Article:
By Alex Hu '23
Edited by Daevan Mangalmurti '24 and Louie Lu '23
Although Livy suggests that he consulted only “reliable records of historical events” to compose his Annales, he nonetheless begins his narrative with an account of Aeneas’ mythical arrival in Italy, an event both more ancient and less verifiable than the founding of Rome itself (preface; 1.1). Likely recognizing this apparent contradiction, Livy asserts that he attaches “no great importance” to “events before the city was founded or planned” (preface). He implores his readers to focus instead on learning “moral principles” from studying “how men lived” (preface). But this diversion is disingenuous. Throughout the opening chapters of Book 1, he conspicuously riddles his account with alternative theories about the allegedly divine ancestry of Iulus, the first king of Alba Longa, and Romulus, the first king of Rome. In doing so, Livy casts doubt upon the role of the gods in the city’s founding, an idea with profound moral implications. Thus I propose that Livy’s persistent and active framing of controversy is neither accidental nor ambivalent, but instead reflects a conscious effort to recover the role of human agency in Roman history.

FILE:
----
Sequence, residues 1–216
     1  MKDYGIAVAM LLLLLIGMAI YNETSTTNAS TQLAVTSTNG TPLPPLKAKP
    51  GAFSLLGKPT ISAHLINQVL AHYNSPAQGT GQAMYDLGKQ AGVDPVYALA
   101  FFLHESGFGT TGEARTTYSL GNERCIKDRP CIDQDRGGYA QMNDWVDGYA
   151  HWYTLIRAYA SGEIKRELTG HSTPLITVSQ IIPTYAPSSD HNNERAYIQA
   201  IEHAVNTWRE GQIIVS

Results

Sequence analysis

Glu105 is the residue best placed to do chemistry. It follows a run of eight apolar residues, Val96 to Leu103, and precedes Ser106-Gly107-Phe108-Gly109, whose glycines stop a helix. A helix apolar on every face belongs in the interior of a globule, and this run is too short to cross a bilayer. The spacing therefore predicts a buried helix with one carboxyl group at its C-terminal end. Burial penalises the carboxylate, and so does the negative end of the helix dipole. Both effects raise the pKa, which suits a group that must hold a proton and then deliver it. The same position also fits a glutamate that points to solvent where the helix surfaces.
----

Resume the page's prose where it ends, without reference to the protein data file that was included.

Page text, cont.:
While the preface to the Annales superficially expresses toleration for myths of divine intervention, a more careful reading shows that these stories are in tension with Livy’s broader historical aims. From the outset, Livy insists upon the importance of factual accuracy, describing the historian’s role as one who aspires to “bring greater accuracy to the facts,” and for whom contemporary “evils [...] cannot deflect [his mind] from the truth” (preface). Hence, while Livy claims that he intends “neither to affirm nor refute” the belief that Mars is the “parent” of Rome, he nonetheless identifies the tradition as dubious, referring to the myths as “poetic fictions” and an “indulgence” (preface). In addition, Livy offers up a poor defense of the popular desire to “reckon the gods as [Rome’s] founders,” explaining that people believe that “the glory of the Roman people in war” justifies a loose interpretation of facts; this is an obvious non sequitur (preface). Livy’s reference to “glory [...] in war” is also ironic, as he writes his history after decades of civil wars had devastated the Roman Republic and ushered in the despotic rule of the emperor Augustus. Thus the outwardly triumphant claim that “the nations of the world would as easily acquiesce in this claim as they do in our rule,” rings hollow in light of Rome’s recent self-subjugation. Since the purpose of Livy’s history is to instruct readers on “what to emulate [and] avoid” in an age of moral decline, feel-good stories about Rome’s predestined greatness are not only unhelpful, but counterproductive (preface). A history that emphasizes the consequences of human actions is of far greater pedagogical utility than one that ascribes ultimate responsibility for events to capricious gods.